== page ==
Campaign finance can't be reformed by more corporate cashSan Antonio Express-News
November 30, 2004
When Texas lawmakers banned corporations from giving money to candidates in 1903, they reasoned that since corporations can vastly outspend individuals, if left uncontrolled, we would end up with the best state government money could buy.
Later, when labor unions rose to prominence, the ban was extended to them as well because just as corporate bosses could spend shareholders' cash, labor leaders could use union dues to outgun individuals. Both corporations and unions were allowed to pay the administrative costs of raising political money from individuals, and generally, this ban served its purpose until 2002, when the Texas Association of Business spent $1.9 million in corporate cash for thinly veiled "issue" mail pieces sent to voters in targeted legislative districts, triggering a Travis County grand jury investigation that is still ongoing. That year, the Texans for a Republican Majority PAC also spent $600,000 of corporate money on political consultants, polls, phone banks and other campaign activities that its leaders said were "administrative," leading to the indictment of three individuals and several corporations.
Last week, the Austin American-Statesman sent ripples through Texas' campaign reform circles by reporting that Andy Taylor — seemingly the Texas Republicans' favorite lawyer — proposes changing the corporate money ban. In addition to calling for a clearer definition of what campaign activities can be paid with corporate cash, Taylor proposed allowing corporations to pay for ads that pass a "magic-words test" by avoiding words and phrases like "vote for," "vote against," "support" or "elect."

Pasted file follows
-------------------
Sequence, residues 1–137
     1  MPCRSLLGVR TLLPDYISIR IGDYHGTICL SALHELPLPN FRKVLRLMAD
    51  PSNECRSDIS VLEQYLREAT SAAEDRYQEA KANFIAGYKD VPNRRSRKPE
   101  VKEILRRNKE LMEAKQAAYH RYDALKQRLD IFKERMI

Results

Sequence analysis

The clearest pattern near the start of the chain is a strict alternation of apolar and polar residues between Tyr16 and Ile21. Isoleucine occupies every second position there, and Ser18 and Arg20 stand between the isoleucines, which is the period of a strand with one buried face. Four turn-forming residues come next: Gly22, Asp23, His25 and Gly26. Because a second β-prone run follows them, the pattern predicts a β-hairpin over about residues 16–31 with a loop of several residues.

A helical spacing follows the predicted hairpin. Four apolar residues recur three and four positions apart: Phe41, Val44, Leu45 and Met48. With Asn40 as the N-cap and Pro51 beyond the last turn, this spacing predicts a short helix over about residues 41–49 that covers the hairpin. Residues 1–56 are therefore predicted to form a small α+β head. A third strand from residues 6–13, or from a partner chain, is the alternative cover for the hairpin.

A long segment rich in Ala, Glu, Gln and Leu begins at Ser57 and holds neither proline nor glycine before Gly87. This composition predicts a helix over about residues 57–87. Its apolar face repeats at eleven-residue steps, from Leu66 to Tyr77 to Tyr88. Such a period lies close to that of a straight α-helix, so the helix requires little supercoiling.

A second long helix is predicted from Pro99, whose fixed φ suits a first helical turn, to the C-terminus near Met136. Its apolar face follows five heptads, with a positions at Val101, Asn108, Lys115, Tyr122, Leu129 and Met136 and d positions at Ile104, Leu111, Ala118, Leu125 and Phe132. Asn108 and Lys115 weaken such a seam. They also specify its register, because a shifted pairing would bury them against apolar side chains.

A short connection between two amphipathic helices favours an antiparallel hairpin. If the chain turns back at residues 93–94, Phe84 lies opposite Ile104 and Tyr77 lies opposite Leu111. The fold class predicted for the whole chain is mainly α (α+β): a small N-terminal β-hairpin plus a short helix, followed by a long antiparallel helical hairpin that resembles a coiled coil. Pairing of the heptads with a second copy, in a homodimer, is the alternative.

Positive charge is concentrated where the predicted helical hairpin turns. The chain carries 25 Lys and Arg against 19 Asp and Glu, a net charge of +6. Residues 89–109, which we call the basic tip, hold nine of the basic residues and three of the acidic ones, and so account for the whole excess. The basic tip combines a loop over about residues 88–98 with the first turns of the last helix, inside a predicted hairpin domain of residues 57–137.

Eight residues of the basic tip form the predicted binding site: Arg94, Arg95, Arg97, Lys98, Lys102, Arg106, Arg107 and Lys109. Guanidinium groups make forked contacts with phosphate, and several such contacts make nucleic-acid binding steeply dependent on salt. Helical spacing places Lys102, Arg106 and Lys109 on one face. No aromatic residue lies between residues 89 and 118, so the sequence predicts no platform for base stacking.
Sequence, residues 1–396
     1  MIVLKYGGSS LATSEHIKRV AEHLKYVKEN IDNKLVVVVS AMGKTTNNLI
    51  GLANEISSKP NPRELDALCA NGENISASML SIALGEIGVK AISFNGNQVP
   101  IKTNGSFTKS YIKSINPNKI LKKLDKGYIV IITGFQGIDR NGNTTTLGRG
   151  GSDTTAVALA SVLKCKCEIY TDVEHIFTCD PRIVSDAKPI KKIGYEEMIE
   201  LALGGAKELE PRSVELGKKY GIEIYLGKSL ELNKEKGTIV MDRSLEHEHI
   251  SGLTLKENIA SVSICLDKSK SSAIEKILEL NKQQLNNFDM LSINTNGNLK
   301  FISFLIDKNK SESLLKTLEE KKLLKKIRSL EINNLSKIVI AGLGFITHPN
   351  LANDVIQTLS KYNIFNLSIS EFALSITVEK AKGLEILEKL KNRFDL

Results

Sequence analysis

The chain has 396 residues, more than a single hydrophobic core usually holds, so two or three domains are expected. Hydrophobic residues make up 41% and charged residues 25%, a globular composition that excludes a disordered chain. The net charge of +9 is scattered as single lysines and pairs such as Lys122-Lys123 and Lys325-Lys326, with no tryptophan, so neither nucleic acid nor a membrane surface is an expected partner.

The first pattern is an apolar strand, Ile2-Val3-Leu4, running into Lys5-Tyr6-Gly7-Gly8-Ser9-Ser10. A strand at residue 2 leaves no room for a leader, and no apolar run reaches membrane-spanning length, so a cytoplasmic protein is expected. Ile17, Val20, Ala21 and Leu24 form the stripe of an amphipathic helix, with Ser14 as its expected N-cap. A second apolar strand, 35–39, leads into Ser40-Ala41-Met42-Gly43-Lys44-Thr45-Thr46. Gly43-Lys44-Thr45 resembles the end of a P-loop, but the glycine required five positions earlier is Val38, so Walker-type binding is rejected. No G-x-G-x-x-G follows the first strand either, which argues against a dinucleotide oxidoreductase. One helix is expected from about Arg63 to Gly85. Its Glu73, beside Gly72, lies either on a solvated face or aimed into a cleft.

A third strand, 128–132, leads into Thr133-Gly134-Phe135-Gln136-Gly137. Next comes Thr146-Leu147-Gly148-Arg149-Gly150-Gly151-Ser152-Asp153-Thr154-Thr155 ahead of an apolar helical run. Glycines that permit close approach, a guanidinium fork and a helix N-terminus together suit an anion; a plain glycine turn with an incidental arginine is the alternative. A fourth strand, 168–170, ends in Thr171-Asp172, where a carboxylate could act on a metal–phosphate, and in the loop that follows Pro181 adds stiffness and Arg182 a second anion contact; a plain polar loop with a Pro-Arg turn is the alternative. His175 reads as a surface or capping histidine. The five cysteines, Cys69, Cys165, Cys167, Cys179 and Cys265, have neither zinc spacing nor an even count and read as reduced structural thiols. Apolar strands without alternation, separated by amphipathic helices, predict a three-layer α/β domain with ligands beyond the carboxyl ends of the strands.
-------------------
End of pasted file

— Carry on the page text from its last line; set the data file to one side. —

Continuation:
And he said he will lobby for changes to allow corporations to give directly to candidates, but to cap the size of these contributions. Fred Lewis, who heads Campaigns for People, a campaign reform group that favors strict limits on big bucks to campaigns from both corporations and individuals, said his group has advocated "expressly defining" what administrative expenses are. "But corporations and unions should only be allowed to pay the administrative expenses of their own political action committees," he said. "Andy Taylor's so-called reforms are a Trojan horse that will result in unlimited amounts of undisclosed corporate money being spent on elections.
"If we adopt a 'magic-words' test, any corporation will be able to spend unlimited amounts and simply not say 'vote for,' 'vote against' or use other equivalent language," Lewis said, and pointed out that today, many candidates don't even use these words in their own ads. As for allowing capped amounts of direct corporate contributions, it would open the floodgates to corporate cash, Lewis said, because corporations will evade the caps by giving the maximum to a candidate and like amounts to PACs, state and county party organizations that will use the money to help the same candidate.
The reforms truly needed, Lewis said, are an absolute ban on corporate-funded "sham issue ads that identify a candidate and target an electorate within 60 days of an election." And above all, he said, "We need to set reasonable contributions limits, including an aggregate contribution limit, and we need to get an ethics commission that enforces the law." He's right. What we need is to curb all big bucks contributions from all sources and return state government to the people.